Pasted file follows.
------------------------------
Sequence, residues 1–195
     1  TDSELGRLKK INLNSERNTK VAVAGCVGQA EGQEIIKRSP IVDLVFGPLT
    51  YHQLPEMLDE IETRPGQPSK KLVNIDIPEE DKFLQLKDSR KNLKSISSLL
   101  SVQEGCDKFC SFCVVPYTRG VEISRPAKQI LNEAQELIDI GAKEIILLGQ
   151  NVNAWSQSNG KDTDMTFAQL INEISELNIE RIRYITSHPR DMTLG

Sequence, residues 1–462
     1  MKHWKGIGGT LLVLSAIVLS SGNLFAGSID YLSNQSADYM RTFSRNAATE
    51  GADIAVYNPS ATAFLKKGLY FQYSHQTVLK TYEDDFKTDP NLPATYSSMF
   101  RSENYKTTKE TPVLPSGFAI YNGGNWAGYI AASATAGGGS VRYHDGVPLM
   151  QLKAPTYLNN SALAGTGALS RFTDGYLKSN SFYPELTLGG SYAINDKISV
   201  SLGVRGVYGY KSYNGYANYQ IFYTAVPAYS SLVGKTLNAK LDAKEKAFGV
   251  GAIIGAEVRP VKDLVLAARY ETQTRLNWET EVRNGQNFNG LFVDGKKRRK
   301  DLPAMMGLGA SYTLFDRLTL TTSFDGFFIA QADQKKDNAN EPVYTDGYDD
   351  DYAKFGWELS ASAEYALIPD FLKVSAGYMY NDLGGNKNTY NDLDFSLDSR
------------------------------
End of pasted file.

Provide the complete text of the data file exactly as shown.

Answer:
Sequence, residues 1–195
     1  TDSELGRLKK INLNSERNTK VAVAGCVGQA EGQEIIKRSP IVDLVFGPLT
    51  YHQLPEMLDE IETRPGQPSK KLVNIDIPEE DKFLQLKDSR KNLKSISSLL
   101  SVQEGCDKFC SFCVVPYTRG VEISRPAKQI LNEAQELIDI GAKEIILLGQ
   151  NVNAWSQSNG KDTDMTFAQL INEISELNIE RIRYITSHPR DMTLG

Sequence, residues 1–462
     1  MKHWKGIGGT LLVLSAIVLS SGNLFAGSID YLSNQSADYM RTFSRNAATE
    51  GADIAVYNPS ATAFLKKGLY FQYSHQTVLK TYEDDFKTDP NLPATYSSMF
   101  RSENYKTTKE TPVLPSGFAI YNGGNWAGYI AASATAGGGS VRYHDGVPLM
   151  QLKAPTYLNN SALAGTGALS RFTDGYLKSN SFYPELTLGG SYAINDKISV
   201  SLGVRGVYGY KSYNGYANYQ IFYTAVPAYS SLVGKTLNAK LDAKEKAFGV
   251  GAIIGAEVRP VKDLVLAARY ETQTRLNWET EVRNGQNFNG LFVDGKKRRK
   301  DLPAMMGLGA SYTLFDRLTL TTSFDGFFIA QADQKKDNAN EPVYTDGYDD
   351  DYAKFGWELS ASAEYALIPD FLKVSAGYMY NDLGGNKNTY NDLDFSLDSR